It’s a constant refrain in Panama City, where I now live. It refers to the idea that hiccups are meant to be taken in stride. That if both sides remain calm, all will be well. That there’s no need to “stress out.”
Take the other day for example. I’d ordered a few hundred photocopies, but when I went to pick them up I realized I‘d left my wallet at home. The supervisor said “cero estrés,” and let me take the copies anyway. I went back to pay the next day.
Or another day, when the dancers I’d booked for an event didn’t show up exactly on time. The manager’s reassuring words to me? Cero estrés. “They’ll be there soon…it’ll all work out.”
You know what? It did.
I’ve been living in PTY, as it’s called, for nearly eight years now…and the cero estrés lifestyle is now my lifestyle.
It’s a far cry from the stress I felt back in the States, working in the cruise line industry. Then, if we docked even a few minutes late, passengers complained that they were losing precious port time. If one port had to be swapped for another because of inclement weather or hurricanes, I had to attend to a long line of people waxing on about how they were missing out. No one seemed thankful to be safe and en route to a fun location that wasn’t being threatened by tropical storms.
Even when I wasn’t at work, it felt like complaining—and getting all worked up—was a part of the lifestyle. In line at the supermarket or at a nice restaurant, I was always hearing about what was wrong or missing.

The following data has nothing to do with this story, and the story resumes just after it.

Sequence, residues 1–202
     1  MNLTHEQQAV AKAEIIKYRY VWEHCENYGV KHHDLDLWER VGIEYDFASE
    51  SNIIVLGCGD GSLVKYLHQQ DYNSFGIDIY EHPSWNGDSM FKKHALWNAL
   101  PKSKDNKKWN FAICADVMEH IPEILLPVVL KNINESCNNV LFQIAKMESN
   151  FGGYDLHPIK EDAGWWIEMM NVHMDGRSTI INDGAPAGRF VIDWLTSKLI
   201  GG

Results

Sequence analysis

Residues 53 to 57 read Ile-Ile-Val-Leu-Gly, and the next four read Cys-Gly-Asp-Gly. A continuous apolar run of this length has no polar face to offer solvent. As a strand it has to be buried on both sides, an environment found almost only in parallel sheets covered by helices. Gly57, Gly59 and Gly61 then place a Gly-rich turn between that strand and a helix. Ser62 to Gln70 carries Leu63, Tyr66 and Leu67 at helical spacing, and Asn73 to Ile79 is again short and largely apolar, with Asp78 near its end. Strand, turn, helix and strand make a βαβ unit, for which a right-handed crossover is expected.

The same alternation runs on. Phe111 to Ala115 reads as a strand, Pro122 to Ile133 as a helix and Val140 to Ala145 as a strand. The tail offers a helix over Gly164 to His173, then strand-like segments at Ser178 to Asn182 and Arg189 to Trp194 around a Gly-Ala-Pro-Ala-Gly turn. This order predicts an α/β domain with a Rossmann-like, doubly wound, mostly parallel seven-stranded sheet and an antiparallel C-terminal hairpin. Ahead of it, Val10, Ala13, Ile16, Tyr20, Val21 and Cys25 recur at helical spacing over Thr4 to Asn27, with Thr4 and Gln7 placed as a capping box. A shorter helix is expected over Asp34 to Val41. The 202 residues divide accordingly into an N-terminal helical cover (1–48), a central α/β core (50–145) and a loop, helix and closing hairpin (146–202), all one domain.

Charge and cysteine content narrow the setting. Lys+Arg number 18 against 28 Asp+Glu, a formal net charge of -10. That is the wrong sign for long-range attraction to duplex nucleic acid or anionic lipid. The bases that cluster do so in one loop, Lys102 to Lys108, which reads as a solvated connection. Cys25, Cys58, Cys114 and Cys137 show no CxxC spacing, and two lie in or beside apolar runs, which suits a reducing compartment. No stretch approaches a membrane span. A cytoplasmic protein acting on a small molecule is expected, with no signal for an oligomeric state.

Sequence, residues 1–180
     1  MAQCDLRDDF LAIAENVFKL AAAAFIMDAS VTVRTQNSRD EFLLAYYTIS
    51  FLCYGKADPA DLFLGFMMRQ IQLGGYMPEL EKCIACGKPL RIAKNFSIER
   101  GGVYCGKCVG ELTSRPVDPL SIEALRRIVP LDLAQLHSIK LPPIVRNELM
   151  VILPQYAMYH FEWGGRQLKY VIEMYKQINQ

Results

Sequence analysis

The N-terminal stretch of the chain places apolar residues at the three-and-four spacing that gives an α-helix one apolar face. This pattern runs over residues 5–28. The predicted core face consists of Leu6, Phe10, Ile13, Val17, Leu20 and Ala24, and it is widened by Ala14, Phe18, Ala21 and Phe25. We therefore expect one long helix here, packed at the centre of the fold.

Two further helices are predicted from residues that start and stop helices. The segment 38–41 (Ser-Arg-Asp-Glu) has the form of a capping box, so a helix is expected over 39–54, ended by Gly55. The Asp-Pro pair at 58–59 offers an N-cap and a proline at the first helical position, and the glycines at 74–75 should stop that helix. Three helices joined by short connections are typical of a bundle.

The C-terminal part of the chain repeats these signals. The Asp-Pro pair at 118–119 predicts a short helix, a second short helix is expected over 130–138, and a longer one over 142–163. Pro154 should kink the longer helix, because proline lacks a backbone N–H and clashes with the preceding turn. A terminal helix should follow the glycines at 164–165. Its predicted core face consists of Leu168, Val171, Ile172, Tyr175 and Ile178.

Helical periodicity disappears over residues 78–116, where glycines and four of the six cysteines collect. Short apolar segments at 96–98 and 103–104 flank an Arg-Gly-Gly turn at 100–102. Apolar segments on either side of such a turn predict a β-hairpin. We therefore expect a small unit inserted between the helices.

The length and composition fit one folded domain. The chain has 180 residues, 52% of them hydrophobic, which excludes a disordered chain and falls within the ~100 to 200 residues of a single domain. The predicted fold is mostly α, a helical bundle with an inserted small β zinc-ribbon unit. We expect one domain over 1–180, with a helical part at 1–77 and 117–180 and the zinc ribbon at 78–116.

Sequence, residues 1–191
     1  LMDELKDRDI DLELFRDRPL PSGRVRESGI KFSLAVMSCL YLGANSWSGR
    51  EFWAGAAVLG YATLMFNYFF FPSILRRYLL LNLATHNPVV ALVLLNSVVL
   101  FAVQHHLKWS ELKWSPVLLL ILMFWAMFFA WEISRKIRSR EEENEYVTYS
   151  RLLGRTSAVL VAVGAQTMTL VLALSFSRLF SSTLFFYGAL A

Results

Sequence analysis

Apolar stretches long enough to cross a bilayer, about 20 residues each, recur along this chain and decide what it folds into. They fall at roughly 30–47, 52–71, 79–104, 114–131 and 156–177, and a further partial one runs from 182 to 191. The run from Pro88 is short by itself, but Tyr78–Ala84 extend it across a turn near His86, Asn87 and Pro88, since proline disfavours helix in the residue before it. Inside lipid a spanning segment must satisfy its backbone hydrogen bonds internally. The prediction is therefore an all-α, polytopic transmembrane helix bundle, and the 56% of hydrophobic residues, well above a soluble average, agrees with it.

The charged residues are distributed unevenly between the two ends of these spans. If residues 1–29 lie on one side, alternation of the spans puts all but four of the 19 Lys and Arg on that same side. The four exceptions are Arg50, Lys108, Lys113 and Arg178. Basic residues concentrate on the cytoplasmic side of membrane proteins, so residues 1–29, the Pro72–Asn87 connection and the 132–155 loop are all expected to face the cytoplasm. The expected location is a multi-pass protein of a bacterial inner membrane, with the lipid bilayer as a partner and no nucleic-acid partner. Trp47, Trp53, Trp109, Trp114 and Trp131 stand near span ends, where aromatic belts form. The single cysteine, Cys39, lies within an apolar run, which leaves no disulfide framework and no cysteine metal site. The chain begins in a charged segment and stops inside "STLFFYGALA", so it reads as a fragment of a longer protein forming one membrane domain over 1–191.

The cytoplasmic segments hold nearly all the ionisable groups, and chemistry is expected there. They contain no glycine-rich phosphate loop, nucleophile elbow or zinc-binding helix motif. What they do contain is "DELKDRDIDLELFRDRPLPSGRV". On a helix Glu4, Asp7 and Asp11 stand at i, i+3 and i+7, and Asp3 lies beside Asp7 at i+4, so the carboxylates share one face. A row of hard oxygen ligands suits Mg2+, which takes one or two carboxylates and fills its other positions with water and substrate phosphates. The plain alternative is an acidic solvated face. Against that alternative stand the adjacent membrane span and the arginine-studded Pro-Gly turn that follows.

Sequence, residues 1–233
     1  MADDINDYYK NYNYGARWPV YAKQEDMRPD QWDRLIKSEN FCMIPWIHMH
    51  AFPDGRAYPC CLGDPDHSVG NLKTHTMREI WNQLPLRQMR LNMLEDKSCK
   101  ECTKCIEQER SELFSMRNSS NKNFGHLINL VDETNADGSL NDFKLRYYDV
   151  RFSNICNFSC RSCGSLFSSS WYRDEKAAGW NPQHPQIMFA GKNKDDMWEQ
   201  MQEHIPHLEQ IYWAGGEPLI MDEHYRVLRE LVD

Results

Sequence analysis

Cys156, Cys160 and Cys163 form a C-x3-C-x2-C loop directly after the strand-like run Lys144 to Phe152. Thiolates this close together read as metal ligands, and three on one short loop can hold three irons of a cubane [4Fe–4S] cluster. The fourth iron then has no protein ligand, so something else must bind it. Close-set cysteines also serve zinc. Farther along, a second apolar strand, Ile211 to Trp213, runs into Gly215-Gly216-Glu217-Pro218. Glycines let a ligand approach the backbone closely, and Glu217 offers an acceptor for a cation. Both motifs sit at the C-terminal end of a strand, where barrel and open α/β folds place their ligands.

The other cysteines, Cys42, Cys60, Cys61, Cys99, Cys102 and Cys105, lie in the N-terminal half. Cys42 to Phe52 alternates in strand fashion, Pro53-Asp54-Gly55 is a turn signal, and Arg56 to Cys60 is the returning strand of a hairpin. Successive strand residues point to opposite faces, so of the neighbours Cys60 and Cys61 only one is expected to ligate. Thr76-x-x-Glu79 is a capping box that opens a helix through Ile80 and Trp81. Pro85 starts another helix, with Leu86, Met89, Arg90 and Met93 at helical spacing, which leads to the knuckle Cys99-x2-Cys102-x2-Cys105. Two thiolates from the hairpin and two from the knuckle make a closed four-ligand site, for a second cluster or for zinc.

In Panama, locals simply don’t spend much time complaining—not about little things…or even big things (like weather) that are beyond our control. Instead, they’re patient.
At first sight, Panama City seems like it’s all hustle and bustle. There are skyscrapers, traffic jams, and construction projects everywhere you look. The Panama Canal is being expanded for the first time in history…Central America’s first metro is under construction outside my door…and the colonial sector featured in the Bond film Quantum of Solace is getting a facelift.
Despite all the growth and an apparent “can do” entrepreneurial attitude, people here are restful…serene…smiling, even.
It’s rubbed off on me. These days, when I have to wait, I don’t hide behind my iPad or smart phone, filling every second with work. I strike up a conversation with the people around me, or laugh at their kids’ antics. Before, the noise and banter would have bothered me.
Before, if I didn’t get ten errands done on a Saturday, I felt like a failure. Now, if in one day I accomplish one or two things on my list, I’m content. I’ve learned that from the people here.
Recently, a visitor from the States asked me to take him around the city. Rather than plan ahead, he wanted to play-by-ear and get a feel for the city. In a place where everyone is flexible, it was easy to do.
We went to one of the city’s best restaurants (Maito, in the San Francisco district) for lunch. The chef happened to be free, and we got a tour of his herb garden and talked about how local produce influenced his cuisine. Later we went to the Trump Ocean Club Hotel and got offered a tour and a peek at some of the luxurious rooms.
At the new tapas bar in the Hard Rock Megapolis a local celebrity sat down with us, and two hours later was still regaling us with stories about his adventures in the Panamanian television and animation industries. If we’d kept a rigid schedule, running from one place to the next, none of these interactions would have been possible. But we kept it low-key…cero estrés…and things worked out better than we ever could have imagined.
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